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    Default Re: No bee vac at first made removal harder - but made save

    .

    Proper hose size? Look, I can't even hardly afford a shirt right now, but that's beside the point. No bees are dying in my bee vac.
    www.savebeesflorida.com (Honeybee removals and top bar hives)

  6. #5
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    Default Re: No bee vac at first made removal harder - but made save

    .

    And regarding top bar versus Langstroth in my removals, the reason I'm using mostly Langstroth now is because of customer demand. Both hives are equally as productive, useful and enjoyable. I'm just trying to keep above water financially.
    www.savebeesflorida.com (Honeybee removals and top bar hives)

  7. #6
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    Apr 2017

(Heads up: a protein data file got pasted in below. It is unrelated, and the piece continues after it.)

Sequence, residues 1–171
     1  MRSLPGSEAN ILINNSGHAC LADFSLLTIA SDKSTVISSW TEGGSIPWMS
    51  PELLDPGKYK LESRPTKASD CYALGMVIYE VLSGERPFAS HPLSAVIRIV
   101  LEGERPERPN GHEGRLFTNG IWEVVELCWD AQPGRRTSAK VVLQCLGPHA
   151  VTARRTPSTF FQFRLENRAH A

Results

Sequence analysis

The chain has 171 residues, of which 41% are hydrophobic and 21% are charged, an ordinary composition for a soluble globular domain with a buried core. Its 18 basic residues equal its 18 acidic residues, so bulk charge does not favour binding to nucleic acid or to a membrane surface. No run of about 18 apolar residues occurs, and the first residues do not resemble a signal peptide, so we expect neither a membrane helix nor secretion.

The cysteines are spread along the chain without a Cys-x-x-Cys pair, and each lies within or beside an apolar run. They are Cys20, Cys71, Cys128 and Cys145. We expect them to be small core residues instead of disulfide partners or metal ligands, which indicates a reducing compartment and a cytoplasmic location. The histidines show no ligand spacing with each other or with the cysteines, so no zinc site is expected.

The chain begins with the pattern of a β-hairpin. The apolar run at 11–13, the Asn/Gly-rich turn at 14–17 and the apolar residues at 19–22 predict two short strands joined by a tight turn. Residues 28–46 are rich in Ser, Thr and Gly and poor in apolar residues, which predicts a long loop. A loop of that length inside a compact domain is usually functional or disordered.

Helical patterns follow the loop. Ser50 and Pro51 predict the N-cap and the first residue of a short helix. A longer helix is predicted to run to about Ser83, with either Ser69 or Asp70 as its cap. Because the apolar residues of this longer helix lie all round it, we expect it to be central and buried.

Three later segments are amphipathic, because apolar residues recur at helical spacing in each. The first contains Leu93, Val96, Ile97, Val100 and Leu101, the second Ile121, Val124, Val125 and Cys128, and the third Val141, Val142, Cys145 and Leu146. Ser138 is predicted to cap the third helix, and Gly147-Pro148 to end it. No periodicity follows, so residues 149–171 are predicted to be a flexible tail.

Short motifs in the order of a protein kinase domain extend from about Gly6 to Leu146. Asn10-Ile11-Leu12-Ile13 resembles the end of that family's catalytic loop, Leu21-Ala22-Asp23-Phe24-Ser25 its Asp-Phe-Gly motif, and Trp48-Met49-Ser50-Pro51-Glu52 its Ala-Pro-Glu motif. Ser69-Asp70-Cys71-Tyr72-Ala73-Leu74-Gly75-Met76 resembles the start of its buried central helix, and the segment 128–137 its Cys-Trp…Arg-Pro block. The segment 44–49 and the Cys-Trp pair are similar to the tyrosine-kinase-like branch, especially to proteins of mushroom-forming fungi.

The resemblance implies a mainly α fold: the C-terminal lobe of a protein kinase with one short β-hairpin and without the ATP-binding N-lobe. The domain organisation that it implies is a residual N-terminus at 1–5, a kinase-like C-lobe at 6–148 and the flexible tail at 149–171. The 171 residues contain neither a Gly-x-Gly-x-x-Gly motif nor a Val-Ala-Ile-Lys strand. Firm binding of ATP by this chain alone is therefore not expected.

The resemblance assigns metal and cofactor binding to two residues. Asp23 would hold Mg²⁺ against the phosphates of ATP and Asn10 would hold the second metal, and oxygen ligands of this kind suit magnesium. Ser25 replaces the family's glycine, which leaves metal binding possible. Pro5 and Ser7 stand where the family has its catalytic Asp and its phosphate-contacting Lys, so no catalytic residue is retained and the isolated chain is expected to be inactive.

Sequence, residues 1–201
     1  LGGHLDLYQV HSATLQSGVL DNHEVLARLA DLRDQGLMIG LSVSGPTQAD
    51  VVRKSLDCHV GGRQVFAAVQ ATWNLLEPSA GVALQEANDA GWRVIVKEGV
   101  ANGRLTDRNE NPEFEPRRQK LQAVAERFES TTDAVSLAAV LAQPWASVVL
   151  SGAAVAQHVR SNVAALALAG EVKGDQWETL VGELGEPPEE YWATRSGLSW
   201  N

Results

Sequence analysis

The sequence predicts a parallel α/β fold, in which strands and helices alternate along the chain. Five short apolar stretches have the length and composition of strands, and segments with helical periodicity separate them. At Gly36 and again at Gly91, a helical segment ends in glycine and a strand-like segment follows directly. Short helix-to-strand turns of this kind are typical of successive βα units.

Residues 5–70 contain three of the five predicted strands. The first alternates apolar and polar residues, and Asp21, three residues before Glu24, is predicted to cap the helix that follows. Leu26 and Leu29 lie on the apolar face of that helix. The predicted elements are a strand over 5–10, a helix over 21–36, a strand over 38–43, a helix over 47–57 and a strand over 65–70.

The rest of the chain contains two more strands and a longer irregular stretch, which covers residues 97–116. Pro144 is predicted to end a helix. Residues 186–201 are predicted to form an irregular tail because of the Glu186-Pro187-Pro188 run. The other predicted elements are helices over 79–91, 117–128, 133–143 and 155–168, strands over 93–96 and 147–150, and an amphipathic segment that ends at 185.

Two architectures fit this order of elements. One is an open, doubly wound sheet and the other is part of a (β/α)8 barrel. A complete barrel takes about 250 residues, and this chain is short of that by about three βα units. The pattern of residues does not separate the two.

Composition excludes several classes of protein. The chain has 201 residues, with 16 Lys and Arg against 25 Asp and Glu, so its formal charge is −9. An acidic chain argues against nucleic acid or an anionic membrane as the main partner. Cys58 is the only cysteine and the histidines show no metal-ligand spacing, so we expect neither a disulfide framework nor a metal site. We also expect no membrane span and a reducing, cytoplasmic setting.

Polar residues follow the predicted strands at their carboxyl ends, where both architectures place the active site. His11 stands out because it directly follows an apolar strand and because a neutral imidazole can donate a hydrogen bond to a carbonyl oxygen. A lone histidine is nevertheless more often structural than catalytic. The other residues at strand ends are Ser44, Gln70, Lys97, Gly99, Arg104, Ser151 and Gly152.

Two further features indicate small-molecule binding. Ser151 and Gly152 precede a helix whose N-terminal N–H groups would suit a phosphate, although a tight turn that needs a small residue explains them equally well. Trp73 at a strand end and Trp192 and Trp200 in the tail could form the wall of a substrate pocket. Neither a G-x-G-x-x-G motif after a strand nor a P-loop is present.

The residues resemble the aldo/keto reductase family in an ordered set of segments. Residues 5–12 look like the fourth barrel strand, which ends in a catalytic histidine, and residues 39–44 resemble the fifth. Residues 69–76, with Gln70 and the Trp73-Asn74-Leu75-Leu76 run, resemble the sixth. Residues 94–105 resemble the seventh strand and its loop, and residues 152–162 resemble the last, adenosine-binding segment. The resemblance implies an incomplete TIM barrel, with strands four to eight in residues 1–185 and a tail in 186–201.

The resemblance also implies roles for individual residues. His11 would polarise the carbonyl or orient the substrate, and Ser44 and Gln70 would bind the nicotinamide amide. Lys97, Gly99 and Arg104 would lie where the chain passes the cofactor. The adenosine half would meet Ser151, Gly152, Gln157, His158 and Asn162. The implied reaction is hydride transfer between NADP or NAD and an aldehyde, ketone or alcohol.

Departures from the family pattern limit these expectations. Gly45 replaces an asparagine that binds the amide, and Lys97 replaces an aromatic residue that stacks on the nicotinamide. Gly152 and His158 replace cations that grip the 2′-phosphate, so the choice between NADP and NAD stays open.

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    Tampa fl
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    Default Re: No bee vac at first made removal harder - but made save

    Good job pat. If it works and not broken don t fix it.

  8. #7
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    Default Re: No bee vac at first made removal harder - but made save

    Quote Originally Posted by Jtcmedic View Post
    Good job pat. If it works and not broken don t fix it.


    Hey, things could always be improved, I'm not denying that. I would love to have a hundred foot cherry picker, but I can't afford it right now. But just because someone doesn't have all the latest and greatest equipment, that doesn't mean you're doing it wrong, it's just different.
    www.savebeesflorida.com (Honeybee removals and top bar hives)

  9. #8
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    May 2011
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    San Francisco, CA